I know how ridiculous that sounds. How could I not be prepared that my newborn baby would need their mother?!? Well, Little C was much more independent from the start and also had a very strong attachment to his father. I knew he loved me but Hubs had a very calming effect and bond with C from day one.
From sun up to sun down P-Nut is attached to me. Not just as her main food source but she even uses me as her pacifier. She wants to latch on to calm down.
I am more than happy to be that for her it just took it's toll initially. I couldn't place her down or be more than two inches away from her and no matter how much I want to help my baby and be there for her, there truly are times where I need to step away. Tend to my toddler, get some coffee, or just to take a shower and clear my head. But as soon as the water turns off I can hear her screaming for me in my hubby's arms and I barely have a chance to dry off before I'm at it again.
I know it seems like I'm complaining about what it takes to be a mom but I'm really not. I gladly do what I have to do, I'm simply trying to share that something I thought was going to be natural and wonderful has not felt that way to me at all.
I get frustrated I struggle so much with breastfeeding. Not just logistically, but that I don't enjoy it. That makes me feel guilty and like a terrible mother. How could I not like something that bonds me so closely with my daughter? Why don't I enjoy it?
I wish I could pin point it or express it more eloquently, all I know is I want to like it as much as I think I should. Does that make sense???
If there is anything I've learned about my breastfeeding experiences so far it is researching and gathering as much information as possible has been a huge help for me as well as talking about it with other mothers.
For example, one of my friends is a pro. She has a daughter two months younger than Little C who has just now started to wean herself from mom. My friend never in a million years would have thought she'd breastfeed this long or that she would have enjoyed it so much. She also said that she didn't like it at first either and struggled just as much as I am. I can't tell you how much that helped to hear.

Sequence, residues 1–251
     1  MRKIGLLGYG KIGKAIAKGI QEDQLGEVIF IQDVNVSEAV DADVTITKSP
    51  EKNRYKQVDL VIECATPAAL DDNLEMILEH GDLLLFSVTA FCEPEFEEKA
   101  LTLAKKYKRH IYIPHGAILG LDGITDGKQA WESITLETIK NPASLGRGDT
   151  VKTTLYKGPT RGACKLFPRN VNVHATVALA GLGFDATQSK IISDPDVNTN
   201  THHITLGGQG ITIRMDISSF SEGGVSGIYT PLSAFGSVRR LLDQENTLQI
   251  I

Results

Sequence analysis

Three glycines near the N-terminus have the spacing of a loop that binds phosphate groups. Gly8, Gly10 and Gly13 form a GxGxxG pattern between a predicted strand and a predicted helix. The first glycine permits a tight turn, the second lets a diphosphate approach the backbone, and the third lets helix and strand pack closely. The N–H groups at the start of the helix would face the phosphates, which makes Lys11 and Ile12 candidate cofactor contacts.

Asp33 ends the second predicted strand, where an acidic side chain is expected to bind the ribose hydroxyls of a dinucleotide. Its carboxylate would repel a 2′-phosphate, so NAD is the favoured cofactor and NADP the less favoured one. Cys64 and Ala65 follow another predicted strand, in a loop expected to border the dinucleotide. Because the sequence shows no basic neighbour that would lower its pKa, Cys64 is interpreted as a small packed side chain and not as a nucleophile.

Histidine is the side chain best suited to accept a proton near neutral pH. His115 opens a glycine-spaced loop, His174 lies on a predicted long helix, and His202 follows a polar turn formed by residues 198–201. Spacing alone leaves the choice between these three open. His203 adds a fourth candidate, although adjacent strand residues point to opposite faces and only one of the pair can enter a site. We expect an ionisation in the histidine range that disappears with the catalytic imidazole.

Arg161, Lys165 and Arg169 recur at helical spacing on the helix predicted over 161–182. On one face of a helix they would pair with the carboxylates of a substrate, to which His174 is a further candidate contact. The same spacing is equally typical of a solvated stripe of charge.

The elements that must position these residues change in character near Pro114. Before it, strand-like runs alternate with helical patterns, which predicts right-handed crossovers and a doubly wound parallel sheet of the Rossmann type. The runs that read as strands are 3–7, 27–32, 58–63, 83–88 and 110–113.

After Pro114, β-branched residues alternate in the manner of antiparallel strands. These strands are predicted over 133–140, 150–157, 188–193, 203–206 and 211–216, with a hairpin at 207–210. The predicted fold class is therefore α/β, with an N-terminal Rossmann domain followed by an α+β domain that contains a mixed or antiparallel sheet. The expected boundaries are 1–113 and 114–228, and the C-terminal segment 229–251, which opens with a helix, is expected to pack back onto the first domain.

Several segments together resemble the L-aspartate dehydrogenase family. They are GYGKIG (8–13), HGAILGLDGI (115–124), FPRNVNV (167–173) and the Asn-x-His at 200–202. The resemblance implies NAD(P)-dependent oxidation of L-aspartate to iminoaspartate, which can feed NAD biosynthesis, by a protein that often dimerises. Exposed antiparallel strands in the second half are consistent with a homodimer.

Then she sent me this article and said it really helped her in the beginning. After reading it myself I felt so much better about what I was doing and it gave me a much greater understanding of my baby's need for me. I wish I had read this either before my children were born or at least right after.
I still can't say I'm in love with the act but I can say I choose to keep going. Not because I'm a martyr but because I can. I am able to do this for my daughter and I know that at any moment I can stop if it becomes too much for me. After all, there is so much more to being a good parent and mother than what you feed your babies. Plus, I'm told it will get easier and I may start to love it as much as I feel I should.
I hope if you take anything away from this it is how you can admit you don't love a certain part of mothering as much as you thought you would or should. There is no "one size fits all" when it comes to being a mom and I certainly hope you don't feel bad or embarrassed if you need to admit that something just isn't working for you. Besides, in most cases there are numerous ways to do one thing when it comes to parenting and finding what is the best fit for you and baby is so important no matter how big or small that "thing" is.
Do some research, ask for help, talk to your husband, talk to your doctor or your baby's doctor, talk to your mom, a sister, a girlfriend. No matter the topic and no matter what you feel, it is fine and you shouldn't suffer through anything alone.